Kehaulani showed us a graph of end of Kindergarten evaluation. All four races were equally prepared for first grade. Then evaluation was done at the end of the third grade and the study found that while all students slipped some, Black and Latino students dropped close to 50%. What happened?

My immediate thought was teachers, but I believe we are being led to answer “systemic and institutional” racism. The literature says “Anti-Racism is…Our conscious and deliberate, individual and collective action that challenges the impact and perpetuation of systemic/institutional White racial privilege, positioning and power.”

One page in the packet drew some fire from the audience. It’s titled “Do we have the will to educate all children? A Salute to Dr. Asa G. Hilliard. Wikipedia says of Dr. Hilliard:

In 1981, Hilliard introduced the concept of “Baseline Essays” (short stories “of the experience of a particular geo-cultural group within a particular academic area from earliest times to the present” to the Portland, Oregon school district. This resulted in a collection of essays advocating Afrocentrism…

While Hilliard presented to PPS, the recommendations, as I understand, have never been implemented. Hilliard said: “The knowledge and skills to educate all children already exist. Because we have lived in a historically oppressive society, educational issues tend to be framed as technical issues, which denies their political origin and meaning…” He also believed that whites attempt to keep Black history away from Blacks and for just themselves. The effect is that Blacks are unaware of their history.

I immediately asked, “Who is this “we”, you are talking about? “All of us,” was the answer. The White people didn’t feel oppressed. Blacks did, was my impression. Kehaulani said Whites were oppressed that’s why we left Europe and came here. Then we set up our documents that only gave Liberty and Equality to men with property. So every one, excluding men, were still oppressed. Gradually, more people have Liberty and Freedom.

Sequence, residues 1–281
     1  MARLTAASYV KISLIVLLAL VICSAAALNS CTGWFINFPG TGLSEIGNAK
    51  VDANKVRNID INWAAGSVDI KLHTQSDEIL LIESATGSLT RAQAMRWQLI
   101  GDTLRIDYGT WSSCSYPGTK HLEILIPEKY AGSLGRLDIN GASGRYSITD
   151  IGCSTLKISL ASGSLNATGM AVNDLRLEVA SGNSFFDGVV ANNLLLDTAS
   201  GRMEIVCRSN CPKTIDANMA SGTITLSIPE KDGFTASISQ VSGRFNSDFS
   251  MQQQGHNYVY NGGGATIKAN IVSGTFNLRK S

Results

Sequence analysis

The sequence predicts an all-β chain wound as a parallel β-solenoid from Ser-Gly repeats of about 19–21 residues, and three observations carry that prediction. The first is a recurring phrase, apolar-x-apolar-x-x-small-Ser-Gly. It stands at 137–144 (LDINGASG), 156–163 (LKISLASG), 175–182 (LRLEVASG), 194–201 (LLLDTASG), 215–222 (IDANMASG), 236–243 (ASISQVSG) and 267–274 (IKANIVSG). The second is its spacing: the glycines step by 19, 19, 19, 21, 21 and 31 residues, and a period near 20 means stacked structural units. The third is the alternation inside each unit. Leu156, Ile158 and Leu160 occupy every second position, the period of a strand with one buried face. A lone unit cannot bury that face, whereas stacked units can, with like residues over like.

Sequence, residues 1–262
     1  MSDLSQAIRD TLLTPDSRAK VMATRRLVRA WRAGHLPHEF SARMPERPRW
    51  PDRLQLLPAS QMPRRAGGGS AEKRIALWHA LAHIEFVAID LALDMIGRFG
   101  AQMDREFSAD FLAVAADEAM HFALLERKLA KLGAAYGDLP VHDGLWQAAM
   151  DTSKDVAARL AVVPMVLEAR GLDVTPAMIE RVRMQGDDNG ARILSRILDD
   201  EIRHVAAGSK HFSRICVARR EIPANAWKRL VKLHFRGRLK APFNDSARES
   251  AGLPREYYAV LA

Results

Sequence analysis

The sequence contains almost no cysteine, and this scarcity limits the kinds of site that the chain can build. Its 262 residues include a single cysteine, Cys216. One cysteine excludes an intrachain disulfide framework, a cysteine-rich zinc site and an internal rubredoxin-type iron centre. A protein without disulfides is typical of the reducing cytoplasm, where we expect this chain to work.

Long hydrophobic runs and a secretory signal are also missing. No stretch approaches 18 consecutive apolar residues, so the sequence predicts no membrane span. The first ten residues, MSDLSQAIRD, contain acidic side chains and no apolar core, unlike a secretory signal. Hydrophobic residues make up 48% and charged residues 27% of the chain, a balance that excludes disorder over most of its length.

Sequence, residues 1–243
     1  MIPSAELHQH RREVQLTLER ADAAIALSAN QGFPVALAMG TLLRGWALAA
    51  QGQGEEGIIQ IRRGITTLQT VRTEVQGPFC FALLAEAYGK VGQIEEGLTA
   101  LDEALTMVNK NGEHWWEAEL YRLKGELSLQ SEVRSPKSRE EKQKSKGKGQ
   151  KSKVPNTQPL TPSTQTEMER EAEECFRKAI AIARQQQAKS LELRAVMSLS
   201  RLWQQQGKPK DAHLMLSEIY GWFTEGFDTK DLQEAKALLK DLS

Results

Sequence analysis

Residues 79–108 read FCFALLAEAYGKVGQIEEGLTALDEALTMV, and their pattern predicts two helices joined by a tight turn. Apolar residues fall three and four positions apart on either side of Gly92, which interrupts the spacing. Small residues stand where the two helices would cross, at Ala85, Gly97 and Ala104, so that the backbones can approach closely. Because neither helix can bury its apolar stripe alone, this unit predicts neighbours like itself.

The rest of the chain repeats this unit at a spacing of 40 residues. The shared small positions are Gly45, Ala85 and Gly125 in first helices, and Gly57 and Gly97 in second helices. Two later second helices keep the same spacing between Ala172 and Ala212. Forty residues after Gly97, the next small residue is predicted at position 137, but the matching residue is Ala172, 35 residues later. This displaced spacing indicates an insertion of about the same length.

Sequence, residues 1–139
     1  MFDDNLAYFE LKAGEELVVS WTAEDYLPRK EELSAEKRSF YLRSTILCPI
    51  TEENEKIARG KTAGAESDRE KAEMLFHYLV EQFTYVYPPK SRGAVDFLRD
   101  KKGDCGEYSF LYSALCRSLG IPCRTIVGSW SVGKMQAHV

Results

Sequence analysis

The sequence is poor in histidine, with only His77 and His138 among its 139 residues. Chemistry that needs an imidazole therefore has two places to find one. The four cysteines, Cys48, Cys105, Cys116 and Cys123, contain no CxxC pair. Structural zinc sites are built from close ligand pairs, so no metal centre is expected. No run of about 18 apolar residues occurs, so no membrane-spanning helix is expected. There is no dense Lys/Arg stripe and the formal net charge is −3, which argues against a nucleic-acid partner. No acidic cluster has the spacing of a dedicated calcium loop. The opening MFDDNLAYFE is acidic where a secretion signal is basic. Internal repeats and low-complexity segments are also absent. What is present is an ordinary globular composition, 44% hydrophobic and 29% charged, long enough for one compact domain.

There have been some frank conversations among the drivers who are a diverse lot. That’s been great!

I agree there is a problem. Too many Blacks and Latinos are underachieving. They are not dumber than Whites or Asians. They don’t have parents that care less about education than White and Asian parents. Kehaulani said at one time there was a big disparity in the math skills between males and females. The educators found that females were treated differently than males. When they changed the teaching methods, females improved so much that now girls outperform boys in math.

That’s what this conference is all about, I assume. How do we boost the performance of Black and Latino kids? I assume their answer is racism. My answer might be the teaching methods.

On Closing Humboldt and Harriet Tubman

The Portland Public School board voted last night to close Humboldt and Harriet Tubman schools to save $27 million per year.  Can two schools possibly cost $27 million a year to run? I guess if 200 teachers including staff worked at the two schools and were paid an average of $50,000 a year it could cost $10 million. Benefits could add another $10 million, leaving $7 million for capital improvements. However, that still seems high for two schools.

Do you have any input?

Strong Words About Student Loans

Suze Orman’s STUDENT DEBT Warning “Think Twice” Indeed, it makes no sense.

Schools Advocate Need For Violence

BigGovernment.com from Andrew Breitbart has a video of a professor and a self-proclaimed communist union official jointly giving a class on Violent Union Tactics.  The schools, the University of Missouri-St. Louis (UMSL) and the University of Missouri-Kansas City (UMKC), were conducting the joint class and are public institutions funded by tax payers.

In the class, the Professors not only advocate the occasional need for violence and industrial sabotage, they outline specific tactics that can be used. As one of our colleagues pointed out, its the matter-of-factness of it all that is so disturbing.

What is your son or daughter learning in college that you may be paying for?  Does the college undermine your beliefs?

First Wisconsin, Next Michigan?

The Detroit News reports this about Detroit Public Schools.

State education officials have ordered Robert Bobb to immediately implement a financial restructuring plan that balances the district’s books by closing half of its schools, swelling high school class sizes to 60 students and consolidating operations.

There’s one key paragraph in the story that echos Wisconsin:

Last week, state Sen. Phil Pavlov, R-St. Clair Township, proposed a bill that would give the emergency financial manager the power to cancel government or teacher union contracts. Detroit Public Schools spends nearly two-thirds of its budget on personnel costs, or $677 million a year.

The days of affordable government are over!

When Is “The Cartel” Coming To Portland

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The MarketClub Team